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NAU The Nervous System 3

Quiz yourself by thinking what should be in each of the black spaces below before clicking on it to display the answer.

Any tissue or organ that carries out a command from the nervous system.   Effector  
Portion of the neuron that transmits impulses from the spinal cord and brain.   Efferent or Motor Neuron  
Portion of the neuron that transmits impulses to the spinal cord and brain   Afferent or Sensory Neuron  
Functional cells that transmits impulses   Neuron  
Brings information into the neuron   Dendrite  
Takes information away from the neuron   Axon  
Body of the neuron   Soma or Perikaryon  
Protects, cleans up after neurons. Does not transmit an impulse. Ex: mom cells   Neuroglia  
12 Cranial Nerves and what they do in order:   Olfactory-Sensory, Optic-Sensory, Oculomotor-Motor, Trochlear-Motor, Trigeminal-Both, Abducens-Motor, Facial-Both, Vestibulocochlear-Sensory, Glossopharyngeal-Both, Vagus-both, Spinal Accessory-Motor, Hypoglossal-Motor  
The 5 Sensory Receptors:   Chemoreceptors, Photorecptors, Thermoreceptors, Mechanoreceptors and Proprioreceptors  
Makes up Chemoreceptors:   Smell and Taste  
Receptors that chemically convert into a perception   Chemoreceptors  
Receptors that receive light   Photorecptors  
Receptors that are superficial and deep. Determine what is hot and cold. Receptors responsible for fever, chills and hot flashes   Thermoreceptors  
Receptors that cause a mechanical movement of something. Hearing, equilibrium, touch and pain.   Mechanoreceptors  
Receptors that determines where you are at in space. Receptors that continue to develop into adulthood.   Proprioreceptors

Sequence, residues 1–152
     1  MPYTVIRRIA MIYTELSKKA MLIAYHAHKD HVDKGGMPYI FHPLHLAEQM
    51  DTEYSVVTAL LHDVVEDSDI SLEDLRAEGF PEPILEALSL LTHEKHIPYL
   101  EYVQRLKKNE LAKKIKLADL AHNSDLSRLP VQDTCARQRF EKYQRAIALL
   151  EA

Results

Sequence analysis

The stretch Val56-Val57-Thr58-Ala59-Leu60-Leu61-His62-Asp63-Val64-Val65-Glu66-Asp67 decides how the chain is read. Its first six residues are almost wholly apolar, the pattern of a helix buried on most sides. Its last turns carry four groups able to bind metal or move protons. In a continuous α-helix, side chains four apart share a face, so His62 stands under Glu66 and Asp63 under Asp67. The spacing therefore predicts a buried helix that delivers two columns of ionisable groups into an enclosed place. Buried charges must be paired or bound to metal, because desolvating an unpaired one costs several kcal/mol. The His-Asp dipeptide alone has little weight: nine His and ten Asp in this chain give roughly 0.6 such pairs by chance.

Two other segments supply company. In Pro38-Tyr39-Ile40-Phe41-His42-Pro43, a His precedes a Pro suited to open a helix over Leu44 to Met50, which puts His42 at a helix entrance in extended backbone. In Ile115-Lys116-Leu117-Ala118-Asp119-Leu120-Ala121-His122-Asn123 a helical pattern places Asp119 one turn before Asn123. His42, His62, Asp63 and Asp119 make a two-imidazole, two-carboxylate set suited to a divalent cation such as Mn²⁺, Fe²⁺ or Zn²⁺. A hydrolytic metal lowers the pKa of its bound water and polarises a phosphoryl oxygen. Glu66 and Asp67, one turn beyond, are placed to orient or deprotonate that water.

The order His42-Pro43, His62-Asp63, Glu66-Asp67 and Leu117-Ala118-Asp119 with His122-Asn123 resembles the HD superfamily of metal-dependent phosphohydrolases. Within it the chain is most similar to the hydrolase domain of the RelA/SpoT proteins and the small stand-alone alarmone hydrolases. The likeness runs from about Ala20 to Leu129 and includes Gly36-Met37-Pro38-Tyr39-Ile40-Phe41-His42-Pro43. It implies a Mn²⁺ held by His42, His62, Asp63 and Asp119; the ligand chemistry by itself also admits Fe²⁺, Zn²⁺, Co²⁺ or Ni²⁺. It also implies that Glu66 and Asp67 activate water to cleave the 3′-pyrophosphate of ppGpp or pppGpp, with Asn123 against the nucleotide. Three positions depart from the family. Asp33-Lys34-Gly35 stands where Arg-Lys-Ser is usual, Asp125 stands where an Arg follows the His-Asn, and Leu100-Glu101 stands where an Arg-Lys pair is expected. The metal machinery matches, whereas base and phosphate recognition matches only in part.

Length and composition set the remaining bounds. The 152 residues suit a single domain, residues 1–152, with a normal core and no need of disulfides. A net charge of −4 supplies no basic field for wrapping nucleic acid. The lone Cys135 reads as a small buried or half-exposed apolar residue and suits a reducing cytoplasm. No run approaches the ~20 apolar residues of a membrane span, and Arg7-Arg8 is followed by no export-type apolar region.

Types of photo receptors:   Rods and Cones  
Gives perception of light and dark in shades of grey.   Rods  
Deals with color. Takes light and determines the specific color of light seen. Ex: red, blue, green, yellow   Cones  
Absence of light   Black  
Presence of all colors   White  
5 special senses:   Vision, Taste, Equilibrium, Touch and Smell  
5 general senses:   Pressure, Temperature, Touch, Visceroreceptors and Proprioreceptors  
Receptors made up of the Pacinian corpuscles   Pressure  
Receptors made up of Messiner's corpuscles and Tatcile corpuscles   Touch  
11 Anatomical parts that makes up the eye:   Conjunctiva, Lacrimal and nasolacrimal ducts, Sclera, Choroid, Retina, Cornea, Aquacous Humor, Vitrous Humor, Lens, Extrinsic Muscles, Intrinsic Muscles which includes the Iris  
Protective coating over the eye, covers the sclera. Sometimes referred to the whites of the eye.   Conjunctiva  
Inflammation of the conjunctiva   Conjunctivitis  
Gland above the eye. Provides lubrication for the eyes.   Lacrimal gland  
Ducts in the corner of the eye. Also provides lubrication for the eyes.   Nasolacrimal ducts  
True white portion of the eyes. Gives the outercoat to the eye. Helps maintain the shape of the eye.   Sclera  
Functions to absorb light, carries many blood vessels that go to the back of the eye and contains the ciliary body.   Choroid  
Helps suspend the lens in the eye   Ciliary body  
Contains rods and cones. Receives info via the optic nerve and optic disk   Retina  
The axon portion of the rods and cones come together and form this   Optic Nerve  
Cone and rod fibers leave the retina and become part of the optic nerve, forming this   Optic Disk or Blindspot  
Window of the eye. Bubble glass portion over the eye.   Cornea  
When the bubble glass portion of the eye becomes clouded.   Cataracts  
Fluids in the eye:   Aquaeous Humor and Vitrous Humor  
Fluid in front and behind the iris also right under the cornea, gives the bubble shape to the cornea.   Aquaeous Humor  
Means jelly-like, also help give the eyeball its shape   Vitrous Humor  
Increased occular pressure on the rods and cones, can lead to blindness   Glaucoma  
Suspended by ciliary body, is the divider between the Aquaeous Humor and Vitrous Humor.   Lens  
When the lens of the eyes sees close up and not far away. Also called near-sightedness   Myopia  
When the lens of the eyes sees far away and not close up. Also called far-sightedness   Hyperopia  
Moves the eyeball along with the Oculomotor nerve.   Extrinsic Muscles